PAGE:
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Bucking Law Enforcement's Borders

New agreement could make it easier for cops to pursue privacy violators across geographic lines

An international body of 30 developed nations has quietly reached an agreement that may help law enforcement agencies to find and prosecute violators of privacy laws across international boundaries.

The Organization for Economic Cooperation and Development (OECD) -- an organization that includes most of North America and Western Europe as well as Korea and Japan -- last month adopted new guidelines -- "Recommendation on Cross-Border Cooperation in the Enforcement of the Laws Protecting Privacy" -- that could make life tougher for international identity thieves and other privacy law violators.

Currently, many breakers of privacy laws escape because of the ham-handed handoff between law enforcement agencies in different countries, experts agree. (See New Laws Don't Solve Global Problems and Senate OKs Controversial Internet Treaty.)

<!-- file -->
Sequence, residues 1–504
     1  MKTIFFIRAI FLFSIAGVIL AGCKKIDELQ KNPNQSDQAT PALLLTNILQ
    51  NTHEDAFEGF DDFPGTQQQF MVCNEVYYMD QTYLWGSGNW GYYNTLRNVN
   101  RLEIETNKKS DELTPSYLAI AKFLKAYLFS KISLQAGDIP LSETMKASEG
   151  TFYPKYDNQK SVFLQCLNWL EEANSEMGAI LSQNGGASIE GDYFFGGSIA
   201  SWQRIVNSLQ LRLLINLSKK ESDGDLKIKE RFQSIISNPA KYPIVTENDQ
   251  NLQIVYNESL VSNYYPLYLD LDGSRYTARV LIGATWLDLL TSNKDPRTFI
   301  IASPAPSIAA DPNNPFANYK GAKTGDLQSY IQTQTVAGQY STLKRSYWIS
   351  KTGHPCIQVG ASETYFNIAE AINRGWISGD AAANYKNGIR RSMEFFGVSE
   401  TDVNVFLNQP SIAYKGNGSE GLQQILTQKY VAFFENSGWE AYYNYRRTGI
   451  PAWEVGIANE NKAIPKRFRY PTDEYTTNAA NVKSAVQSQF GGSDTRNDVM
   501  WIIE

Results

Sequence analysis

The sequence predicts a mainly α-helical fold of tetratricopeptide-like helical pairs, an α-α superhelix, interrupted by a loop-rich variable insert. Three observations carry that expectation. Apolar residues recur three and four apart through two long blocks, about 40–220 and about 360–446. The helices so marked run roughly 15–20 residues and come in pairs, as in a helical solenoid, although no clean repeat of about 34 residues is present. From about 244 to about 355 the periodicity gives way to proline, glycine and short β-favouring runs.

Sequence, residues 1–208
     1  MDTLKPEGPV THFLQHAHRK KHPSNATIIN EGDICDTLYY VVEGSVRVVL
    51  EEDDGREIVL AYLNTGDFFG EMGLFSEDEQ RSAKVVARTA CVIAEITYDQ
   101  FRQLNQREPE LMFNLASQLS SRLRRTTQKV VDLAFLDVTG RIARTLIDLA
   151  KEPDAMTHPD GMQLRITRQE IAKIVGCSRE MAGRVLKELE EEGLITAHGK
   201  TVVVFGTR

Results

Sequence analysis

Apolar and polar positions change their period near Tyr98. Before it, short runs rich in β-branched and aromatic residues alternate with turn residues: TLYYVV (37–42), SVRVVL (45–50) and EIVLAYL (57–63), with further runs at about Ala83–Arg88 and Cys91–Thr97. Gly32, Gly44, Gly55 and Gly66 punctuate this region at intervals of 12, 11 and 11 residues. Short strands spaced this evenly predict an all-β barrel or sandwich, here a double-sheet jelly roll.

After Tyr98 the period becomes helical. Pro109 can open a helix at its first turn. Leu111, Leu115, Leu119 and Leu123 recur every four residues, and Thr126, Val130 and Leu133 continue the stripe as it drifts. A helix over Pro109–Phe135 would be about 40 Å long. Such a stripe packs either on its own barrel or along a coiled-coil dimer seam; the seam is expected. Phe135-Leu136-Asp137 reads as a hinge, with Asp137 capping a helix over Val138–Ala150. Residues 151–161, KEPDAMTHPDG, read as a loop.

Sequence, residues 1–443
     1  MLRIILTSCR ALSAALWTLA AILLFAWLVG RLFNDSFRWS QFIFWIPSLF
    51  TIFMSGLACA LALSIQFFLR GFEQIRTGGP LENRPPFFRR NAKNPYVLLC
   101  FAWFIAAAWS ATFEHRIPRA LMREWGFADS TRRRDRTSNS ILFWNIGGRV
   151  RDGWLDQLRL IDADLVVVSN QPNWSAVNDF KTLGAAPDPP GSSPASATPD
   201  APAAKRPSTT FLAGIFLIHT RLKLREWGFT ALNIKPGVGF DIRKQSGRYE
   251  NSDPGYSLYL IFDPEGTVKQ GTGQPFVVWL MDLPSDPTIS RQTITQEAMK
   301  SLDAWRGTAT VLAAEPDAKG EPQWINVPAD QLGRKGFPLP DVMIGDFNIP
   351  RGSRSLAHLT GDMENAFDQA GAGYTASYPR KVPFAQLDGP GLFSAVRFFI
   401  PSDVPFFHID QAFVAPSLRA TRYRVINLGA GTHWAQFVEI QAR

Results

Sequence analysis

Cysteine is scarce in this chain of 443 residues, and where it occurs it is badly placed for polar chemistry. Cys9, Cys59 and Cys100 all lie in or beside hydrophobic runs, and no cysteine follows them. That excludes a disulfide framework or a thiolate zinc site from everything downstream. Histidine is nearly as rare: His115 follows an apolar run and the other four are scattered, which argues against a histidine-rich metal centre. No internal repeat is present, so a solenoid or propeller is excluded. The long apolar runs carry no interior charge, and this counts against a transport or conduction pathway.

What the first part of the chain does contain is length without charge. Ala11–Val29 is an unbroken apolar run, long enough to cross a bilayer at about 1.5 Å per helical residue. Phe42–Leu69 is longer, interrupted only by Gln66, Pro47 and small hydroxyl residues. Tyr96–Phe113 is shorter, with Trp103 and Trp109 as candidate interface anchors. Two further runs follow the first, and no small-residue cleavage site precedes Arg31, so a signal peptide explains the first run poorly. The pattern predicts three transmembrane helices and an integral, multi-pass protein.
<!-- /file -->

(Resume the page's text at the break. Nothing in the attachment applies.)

The OECD agreement, in a nutshell, says the cops in the organization's 30 countries should help each other to nab these border-crossing perpetrators.

Initially, the recommendation focuses on ensuring that each member country has privacy laws in place, and that there are mechanisms for sharing information about privacy violators and a central authority for collecting that information. Having established an infrastructure, the document suggests methods for improving communication among agencies that enforce privacy laws.

The OECD does not include some of the nations most often reputed to harbor spammers and privacy violators, such as Nigeria and Russia. The recommendations do invite non-member countries to participate in the law enforcement effort.

— Tim Wilson, Site Editor, Dark Reading

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